MORRIS – Residents visiting the Grundy County Administration building could be greeted by armed security guards if the county moves forward with hiring the officers needed.
Securing certain Grundy County offices, including the administration building, was the main topic of discussion Thursday at the the Grundy County Facilities Committee meeting.
The committee recommended hiring guards to replace the existing officers who secure the building on a part-time basis.
Compensation for the new patrolmen could cost about $40,000, an expenditure that still needs approval form the Finance Committee and County Board.
The guards would provide tighter security for the building which currently is manned by one unarmed front-desk employee and a part-time officer from the sheriff’s department.
Through a long-time arrangement between the sheriff and county chairman, the county has never paid for the part-time security of the administration building.
Hiring the full-time security staff also would free an office within the administration building that would likely be converted into a secure check-in station and possible waiting room for health department patients.
“I would like to have that office to centralize patient flow. It’s something we’ve talked about and the sheriff is on board with,” health department administrator Phil Jass said Thursday.
State’s attorney’s office
Remedying the poor security in the Grundy County State’s Attorney’s Office – positioned within the courthouse – also was discussed at length Thursday, though action was taken.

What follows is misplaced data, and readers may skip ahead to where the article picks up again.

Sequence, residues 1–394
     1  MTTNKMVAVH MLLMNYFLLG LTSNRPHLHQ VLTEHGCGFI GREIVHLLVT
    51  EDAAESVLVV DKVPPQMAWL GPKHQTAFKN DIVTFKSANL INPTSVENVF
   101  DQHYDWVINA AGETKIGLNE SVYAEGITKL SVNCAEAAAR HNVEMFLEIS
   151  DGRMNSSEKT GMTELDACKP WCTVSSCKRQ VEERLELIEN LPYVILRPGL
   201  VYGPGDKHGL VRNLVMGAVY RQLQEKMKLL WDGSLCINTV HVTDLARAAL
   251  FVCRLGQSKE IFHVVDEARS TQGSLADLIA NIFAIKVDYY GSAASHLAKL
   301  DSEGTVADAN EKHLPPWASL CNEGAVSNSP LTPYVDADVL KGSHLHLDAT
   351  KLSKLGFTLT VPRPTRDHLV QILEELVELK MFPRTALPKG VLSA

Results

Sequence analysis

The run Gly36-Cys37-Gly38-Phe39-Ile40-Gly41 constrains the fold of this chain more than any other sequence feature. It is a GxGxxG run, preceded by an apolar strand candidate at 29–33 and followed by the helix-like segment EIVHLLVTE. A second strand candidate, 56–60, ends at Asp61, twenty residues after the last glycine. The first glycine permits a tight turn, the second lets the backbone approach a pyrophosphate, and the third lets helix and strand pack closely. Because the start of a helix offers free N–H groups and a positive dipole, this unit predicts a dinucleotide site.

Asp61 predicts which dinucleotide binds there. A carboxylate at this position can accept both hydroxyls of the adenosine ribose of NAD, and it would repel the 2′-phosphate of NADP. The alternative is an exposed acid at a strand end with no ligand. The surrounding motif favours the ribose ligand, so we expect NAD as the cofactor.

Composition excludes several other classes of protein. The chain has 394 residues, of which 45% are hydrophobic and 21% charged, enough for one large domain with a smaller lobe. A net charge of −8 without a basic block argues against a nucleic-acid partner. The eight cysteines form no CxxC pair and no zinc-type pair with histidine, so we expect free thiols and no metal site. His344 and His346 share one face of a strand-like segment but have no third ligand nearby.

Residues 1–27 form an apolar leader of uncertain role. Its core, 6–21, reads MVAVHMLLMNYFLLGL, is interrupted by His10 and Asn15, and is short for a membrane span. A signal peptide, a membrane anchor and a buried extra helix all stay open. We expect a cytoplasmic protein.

“We have the only state’s attorney’s office, that I know of, where people can just walk in and jump right over the counter. There is just no security at all,” Assistant State’s Attorney Perry Rudman told the committee.
Rudman said there is no sound barrier separating those who come in and the front desk secretaries who regularly field phone calls where they discuss case-sensitive material including evidence, arguments and arrests.
At a previous meeting, State’s Attorney Jason Helland claimed information was being leaked from the office because of the lack of security measures.
“I strongly suggest every one go take a look at this, because it truly is dysfunctional,” Chairman John Roth told the committee.
Rudman asked the committee to allot $5,000 so the state’s attorney’s office could hire an engineer to draft plans to secure the space by adding locks to the doors and security glass at the front desk.
The committee took no action on the request, but plans to discuss the issue more next month.